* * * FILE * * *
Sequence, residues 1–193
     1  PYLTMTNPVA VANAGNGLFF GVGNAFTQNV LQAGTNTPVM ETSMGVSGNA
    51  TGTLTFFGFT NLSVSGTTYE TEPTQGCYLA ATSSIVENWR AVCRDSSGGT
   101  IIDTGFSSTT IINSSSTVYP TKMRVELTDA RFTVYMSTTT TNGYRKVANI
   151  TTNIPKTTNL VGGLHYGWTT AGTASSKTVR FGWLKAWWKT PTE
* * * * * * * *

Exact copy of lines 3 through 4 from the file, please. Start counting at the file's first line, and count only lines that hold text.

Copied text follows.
    51  TGTLTFFGFT NLSVSGTTYE TEPTQGCYLA ATSSIVENWR AVCRDSSGGT
   101  IIDTGFSSTT IINSSSTVYP TKMRVELTDA RFTVYMSTTT TNGYRKVANI